When carrying out an assignment, consultants may only be with a client for a limited period of time, be it a number of days per week or a fixed number of weeks.
In that time, they are there because they have a set of skills, experience and knowledge that the client either does not possess or, due to a number of internal issues, may not be able to embed into their organisation using internal resources.
Although many of us use the term ‘management consultant’, the task of managing people is a difficult one. John C Maxwell said in his book Developing the Leader Within You that “People don’t want to be managed, they want to be led”.
This is where we as consultants become leaders in that particular area for the duration of that assignment, and possibly afterwards as a point of reference for the ideas and systems proposed and put into place.
So how do we demonstrate high standards and authenticity?
As consultants, do we have standards? Are we accountable to perform to certain standards? This could be financial, legal or regulatory standards within the sector or field of work of our clients, and there are always our own personal standards to be considered as well.
It has been seen in business but also in politics and the world of sport, where an off-the-cuff remark - made when someone thinks the cameras are not recording, or a comment on a social media platform - can cause huge issues, loss of credibility, loss of sponsorship deals or loss of clients; and the same holds true for every one of us. True, it is unlikely to hit the headlines in the national news if ABC Consulting loses a client, but the effect on the consultant, the business and its reputation can be life-changing.
How do we ensure that this never happens to us?
Holding ourselves to account
We therefore need to be genuine in our business beliefs or we will be seen as people who say what we think our clients want to hear but do not necessarily believe or carry out that belief.
Do we also lead in every aspect of our business and life in general? Do we operate in the way we portray ourselves? Do we truly believe this and, even more importantly, where is the evidence to demonstrate it? This evidence is not just fine words on a web site but should be supported with independent evidence. This evidence may be via an accreditation, a qualification or a third-party testimonial, for example.
Never be afraid to be challenged by a client. Challenges often come due to a client’s fear of change or a need to resolve a conflict in their own knowledge, in order to move from where they are to the new ‘scary’ place you are taking them.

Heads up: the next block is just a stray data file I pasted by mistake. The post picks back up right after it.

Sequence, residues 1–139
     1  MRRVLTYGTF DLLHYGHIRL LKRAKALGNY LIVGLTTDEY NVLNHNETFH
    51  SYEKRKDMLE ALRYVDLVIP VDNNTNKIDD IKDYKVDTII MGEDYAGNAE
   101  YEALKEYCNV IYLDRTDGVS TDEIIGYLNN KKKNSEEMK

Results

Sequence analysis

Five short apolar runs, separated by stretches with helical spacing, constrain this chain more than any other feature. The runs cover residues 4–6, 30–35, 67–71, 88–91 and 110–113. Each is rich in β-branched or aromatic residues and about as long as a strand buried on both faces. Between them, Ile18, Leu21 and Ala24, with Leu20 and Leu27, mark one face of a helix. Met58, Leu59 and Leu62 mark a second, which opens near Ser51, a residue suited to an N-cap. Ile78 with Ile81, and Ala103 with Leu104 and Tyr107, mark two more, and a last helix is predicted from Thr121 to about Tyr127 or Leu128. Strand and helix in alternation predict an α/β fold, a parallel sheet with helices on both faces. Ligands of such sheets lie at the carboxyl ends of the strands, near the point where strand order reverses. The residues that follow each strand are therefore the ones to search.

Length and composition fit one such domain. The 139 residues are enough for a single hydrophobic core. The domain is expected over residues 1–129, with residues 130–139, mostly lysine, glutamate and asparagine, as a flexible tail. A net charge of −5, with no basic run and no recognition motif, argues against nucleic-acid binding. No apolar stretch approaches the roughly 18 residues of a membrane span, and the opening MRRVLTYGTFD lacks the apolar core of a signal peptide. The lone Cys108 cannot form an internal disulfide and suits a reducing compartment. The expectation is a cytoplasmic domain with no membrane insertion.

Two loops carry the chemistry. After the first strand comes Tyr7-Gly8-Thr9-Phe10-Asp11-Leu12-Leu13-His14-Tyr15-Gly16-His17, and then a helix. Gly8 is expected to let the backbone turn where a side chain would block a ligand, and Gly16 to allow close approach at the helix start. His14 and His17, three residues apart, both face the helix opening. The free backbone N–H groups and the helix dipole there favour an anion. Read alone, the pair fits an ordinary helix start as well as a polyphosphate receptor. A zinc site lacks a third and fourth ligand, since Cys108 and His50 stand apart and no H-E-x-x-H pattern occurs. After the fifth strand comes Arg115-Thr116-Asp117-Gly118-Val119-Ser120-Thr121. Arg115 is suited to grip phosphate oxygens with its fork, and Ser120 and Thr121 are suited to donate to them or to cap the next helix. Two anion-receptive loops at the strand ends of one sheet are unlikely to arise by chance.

Holding our client to account
So, once we have our own stall set out, do we hold our clients to the same standards? Again, any disparity between what we say the correct standards are and what we expect of others will cause us issues.
How can we challenge the client on matters of time management if we are late to a meeting or equally fail to challenge the client who turns up late?
How can we discuss planning issues, if we have not prepared for the meeting or deliver on our own tasks when we said we would? Or equally not challenge the client who turns up without the required preparation that was agreed?
This leads to a lack of confidence in the consultant and generates comments from clients about the consultant lacking authenticity or credibility.
The minute people lose faith in any aspect of a consultant’s performance, then that consultant is history. Nothing that they might say in the future or have said in the past, regardless of how good it may be, will have any credibility in the eyes or ears of the recipient.
In order to lead in the most effective way and to be accepted as authentic, a consultant MUST:
With all of these in place we have a consistent message that is supported by consistent actions that produce consistent results and demonstrate a series of high standards, commitment and authenticity in saying what you do and doing what you say.
Authenticity and consistency will produce buy-in from the client and then positive outcomes will follow on from there.
Andy Miles is a Court Assistant of the Worshipful Company of Management Consultants (WCoMC), CMCE’s parent organisation, and a Member of the WCoMC Membership Committee.